\[\begin{array}{rcl} E_{sb} &=& \I\frac{m}{2} ~ A ~ E_0 ~ \mEx{\I((\w_c\pm\w_s)\T + \varphi_c + B \pm \varphi_s)}\\ &=&\frac{m}{2} ~ A ~ E_0 ~ \mEx{\I(\w_{sb}\T + \pi / 2 + \varphi_c + B \pm \varphi_s)}. \end{array} \]



Fig. 7 Signal applied to a mirror: modulation of the mirror position.

Mirror motion does not change transmitted light. The reflected light will be modulated in phase by any mirror movement. The relevant parameters are shown in Fig. 7. At a reference plane (at the nominal mirror position when the tuning is zero), the field impinging on the mirror is:

\[E_{\rm in} ~ = ~ E_0 ~ \mExB{\I(\w_{\rm c}t + \varphi_{\rm c} - k_{\rm c}x)} ~ = ~ E_0 ~ \mEx{\I\w_{\rm c}t + \varphi_{\rm c}}. \]

If the mirror is detuned by \(x_{\rm t}\) (here given in meters) then the electric field at the mirror is:

\[E_{\rm mir} ~ = ~ E_{\rm in} ~ \mEx{-\I k_{\rm c} x_{\rm t}}. \]

With the given parameters for the signal frequency, the position modulation can be written as \(x_{\rm m} = a_{\rm s}\cos(\w_{\rm s}t + \varphi_{\rm s})\) and thus the reflected field at the mirror is:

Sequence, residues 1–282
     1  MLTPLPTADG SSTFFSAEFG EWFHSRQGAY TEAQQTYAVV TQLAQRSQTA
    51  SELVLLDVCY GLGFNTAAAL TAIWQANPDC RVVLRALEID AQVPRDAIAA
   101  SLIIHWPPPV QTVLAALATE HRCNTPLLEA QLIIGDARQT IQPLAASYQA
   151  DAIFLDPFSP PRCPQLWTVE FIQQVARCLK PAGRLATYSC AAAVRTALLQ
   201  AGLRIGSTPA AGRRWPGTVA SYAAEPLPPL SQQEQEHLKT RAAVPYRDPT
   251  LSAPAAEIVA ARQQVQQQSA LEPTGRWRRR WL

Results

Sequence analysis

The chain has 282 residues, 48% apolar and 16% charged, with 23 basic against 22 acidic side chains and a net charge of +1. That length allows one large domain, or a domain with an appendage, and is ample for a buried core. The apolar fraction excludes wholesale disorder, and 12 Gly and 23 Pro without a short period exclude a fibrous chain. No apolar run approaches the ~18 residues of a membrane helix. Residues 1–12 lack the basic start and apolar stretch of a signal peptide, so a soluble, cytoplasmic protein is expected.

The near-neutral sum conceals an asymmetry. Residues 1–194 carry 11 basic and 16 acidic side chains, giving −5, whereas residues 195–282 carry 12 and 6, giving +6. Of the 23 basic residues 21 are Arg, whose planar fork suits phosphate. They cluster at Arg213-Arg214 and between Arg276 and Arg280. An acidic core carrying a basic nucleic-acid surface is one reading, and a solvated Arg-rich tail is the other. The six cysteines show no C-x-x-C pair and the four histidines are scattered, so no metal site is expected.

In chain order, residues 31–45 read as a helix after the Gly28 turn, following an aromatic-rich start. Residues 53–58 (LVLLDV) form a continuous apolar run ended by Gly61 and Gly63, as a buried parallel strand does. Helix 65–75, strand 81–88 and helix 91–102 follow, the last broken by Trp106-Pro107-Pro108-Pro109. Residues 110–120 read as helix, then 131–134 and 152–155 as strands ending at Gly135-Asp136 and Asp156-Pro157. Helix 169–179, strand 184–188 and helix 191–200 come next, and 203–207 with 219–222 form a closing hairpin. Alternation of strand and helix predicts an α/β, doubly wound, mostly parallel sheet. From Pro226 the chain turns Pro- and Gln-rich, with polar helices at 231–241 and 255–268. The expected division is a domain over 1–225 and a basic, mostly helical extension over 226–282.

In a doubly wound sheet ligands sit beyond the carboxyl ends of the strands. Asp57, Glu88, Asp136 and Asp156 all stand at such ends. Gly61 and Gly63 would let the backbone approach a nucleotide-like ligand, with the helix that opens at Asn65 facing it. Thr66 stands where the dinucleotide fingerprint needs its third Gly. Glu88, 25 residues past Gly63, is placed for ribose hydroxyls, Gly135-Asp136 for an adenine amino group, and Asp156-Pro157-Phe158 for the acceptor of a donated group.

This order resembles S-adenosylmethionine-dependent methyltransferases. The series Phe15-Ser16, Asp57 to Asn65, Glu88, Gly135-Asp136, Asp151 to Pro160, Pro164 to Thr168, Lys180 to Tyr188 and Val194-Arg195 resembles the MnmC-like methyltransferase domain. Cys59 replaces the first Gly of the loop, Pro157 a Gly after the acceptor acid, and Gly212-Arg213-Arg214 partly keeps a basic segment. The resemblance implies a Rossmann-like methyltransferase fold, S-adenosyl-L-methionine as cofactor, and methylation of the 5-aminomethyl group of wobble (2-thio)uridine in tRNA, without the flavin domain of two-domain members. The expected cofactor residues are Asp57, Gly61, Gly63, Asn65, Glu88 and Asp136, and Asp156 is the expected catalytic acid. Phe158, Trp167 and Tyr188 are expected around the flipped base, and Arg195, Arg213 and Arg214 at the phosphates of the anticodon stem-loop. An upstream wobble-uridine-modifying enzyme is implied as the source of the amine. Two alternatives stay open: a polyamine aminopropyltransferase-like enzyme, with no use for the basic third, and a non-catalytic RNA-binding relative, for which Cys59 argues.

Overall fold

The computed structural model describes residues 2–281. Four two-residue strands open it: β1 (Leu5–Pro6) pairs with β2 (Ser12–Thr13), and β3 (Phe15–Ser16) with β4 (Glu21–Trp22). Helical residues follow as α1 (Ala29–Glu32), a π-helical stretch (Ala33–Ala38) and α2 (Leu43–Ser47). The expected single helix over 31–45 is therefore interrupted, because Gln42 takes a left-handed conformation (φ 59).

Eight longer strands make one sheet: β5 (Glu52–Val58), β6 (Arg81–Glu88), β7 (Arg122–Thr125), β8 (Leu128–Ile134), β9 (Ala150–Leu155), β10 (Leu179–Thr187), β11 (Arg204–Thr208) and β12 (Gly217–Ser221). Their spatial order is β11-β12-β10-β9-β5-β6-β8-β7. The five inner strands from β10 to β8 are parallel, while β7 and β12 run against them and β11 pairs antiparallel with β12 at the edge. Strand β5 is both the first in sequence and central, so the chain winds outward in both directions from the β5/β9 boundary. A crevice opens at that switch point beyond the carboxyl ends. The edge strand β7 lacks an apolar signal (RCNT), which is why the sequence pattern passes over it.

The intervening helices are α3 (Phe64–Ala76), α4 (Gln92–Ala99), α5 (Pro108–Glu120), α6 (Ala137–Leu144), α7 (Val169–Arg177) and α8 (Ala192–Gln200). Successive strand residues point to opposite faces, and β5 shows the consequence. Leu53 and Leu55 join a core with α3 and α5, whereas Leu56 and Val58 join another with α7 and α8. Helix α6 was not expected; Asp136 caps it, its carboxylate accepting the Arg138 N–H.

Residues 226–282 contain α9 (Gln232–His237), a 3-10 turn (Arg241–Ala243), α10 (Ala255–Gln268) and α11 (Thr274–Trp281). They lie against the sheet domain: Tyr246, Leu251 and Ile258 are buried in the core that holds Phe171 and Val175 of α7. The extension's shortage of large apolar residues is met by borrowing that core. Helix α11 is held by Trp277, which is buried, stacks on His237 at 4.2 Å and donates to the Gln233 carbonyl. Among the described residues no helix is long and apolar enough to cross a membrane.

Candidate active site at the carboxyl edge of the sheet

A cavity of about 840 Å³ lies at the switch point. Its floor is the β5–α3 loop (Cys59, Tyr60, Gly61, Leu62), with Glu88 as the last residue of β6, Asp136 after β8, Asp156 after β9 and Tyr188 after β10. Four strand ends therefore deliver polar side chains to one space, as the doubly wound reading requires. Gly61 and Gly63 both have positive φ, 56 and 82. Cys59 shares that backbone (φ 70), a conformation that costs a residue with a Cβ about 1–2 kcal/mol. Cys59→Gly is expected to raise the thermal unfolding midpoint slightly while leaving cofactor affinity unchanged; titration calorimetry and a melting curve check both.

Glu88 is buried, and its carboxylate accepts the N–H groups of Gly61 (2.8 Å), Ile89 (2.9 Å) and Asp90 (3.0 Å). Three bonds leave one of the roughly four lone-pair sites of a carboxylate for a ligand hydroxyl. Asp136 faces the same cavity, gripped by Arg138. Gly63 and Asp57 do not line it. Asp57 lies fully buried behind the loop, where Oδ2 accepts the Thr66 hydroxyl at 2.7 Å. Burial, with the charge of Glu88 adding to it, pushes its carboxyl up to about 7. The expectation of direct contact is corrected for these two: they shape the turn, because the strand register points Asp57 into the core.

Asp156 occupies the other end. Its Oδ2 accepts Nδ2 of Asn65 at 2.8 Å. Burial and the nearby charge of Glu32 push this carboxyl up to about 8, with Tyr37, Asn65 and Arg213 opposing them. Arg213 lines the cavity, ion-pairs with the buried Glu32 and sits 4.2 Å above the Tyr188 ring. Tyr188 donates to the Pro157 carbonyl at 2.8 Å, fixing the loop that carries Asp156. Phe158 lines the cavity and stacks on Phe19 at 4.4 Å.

\[E_{\rm refl} ~ = ~ r ~ E_{\rm mir} ~ \mEx{\I2k_{\rm c} x_{\rm m}} ~ = ~ r ~ E_{\rm mir} ~ \mExB{\I2k_{\rm c} a_{\rm s}\cos(\w_{\rm s}t + \varphi_{\rm s})}, \]

setting \(m=2k_{\rm c} a_{\rm s}\), this can be expressed as:

\[\begin{array}{rcl} E_{\rm refl} &=& r ~ E_{\rm mir} ~ \Bigl( 1 + \I\frac{m}{2}\mExB{-\I(\w_{\rm s}t + \varphi_{\rm s})} + \I\frac{m}{2}\mExB{\I(\w_{\rm s}t + \varphi_{\rm s})} \Bigr)\\ &=& r ~ E_{\rm mir} ~ \Bigl( 1 + \frac{m}{2}\mExB{-\I(\w_{\rm s}t + \varphi_{\rm s} - \pi/2)} ~ \Bigr)\\ & & + \Bigl( \frac{m}{2}\mExB{\I(\w_{\rm s}t + \varphi_{\rm s} + \pi/2)} \Bigr). \end{array} \]

This gives an amplitude for both sidebands of:

\[a_{\rm sb}~=r~m/2~E_0~=~r~k_{\rm c} a_{\rm s}~E_0. \]

The phase back at the reference plane is:

(4)\[\varphi_{\rm sb} ~ = ~ \varphi_{\rm c} + \frac{\pi}{2} \pm \varphi_{\rm s} - (k_{\rm c} + k_{\rm sb}) ~ x_{\rm t}, \]

where the plus sign refers to the ‘upper’ sideband and the minus sign to the ‘lower’ sideband. As in Finesse the tuning is given in degrees, i.e. the conversion from \(x_{\rm t}\) to \(\Tun\) has to be taken into account:

\[\begin{array}{rcl} \varphi_{\rm sb} &=& \varphi_{\rm c} + \frac{\pi}{2} \pm \varphi_{\rm s} - (\w_{\rm c} + \w_{\rm sb})/c ~ x_{\rm t}\\ &=& \varphi_{\rm c} + \frac{\pi}{2} \pm \varphi_{\rm s} - (\w_{\rm c} + \w_{\rm sb})/c ~ \lambda_0/360 ~ \Tun\\ &=& \varphi_{\rm c} + \frac{\pi}{2} \pm \varphi_{\rm s} - (\w_{\rm c} + \w_{\rm sb})/\w_0 ~ 2\pi/360 ~ \Tun. \end{array} \]

With a nominal signal amplitude of \(a_{\rm s}=1\), the sideband amplitudes become very large. For an input light field at the default wavelength one typically obtains:

\[a_{\rm sb} = r ~ k_{\rm c} ~ E_0 = r ~ \w_{\rm c}/c ~ E_0 = r ~ 2\pi/\lambda_0 ~ E_0 \approx 6 \cdot 10^6. \]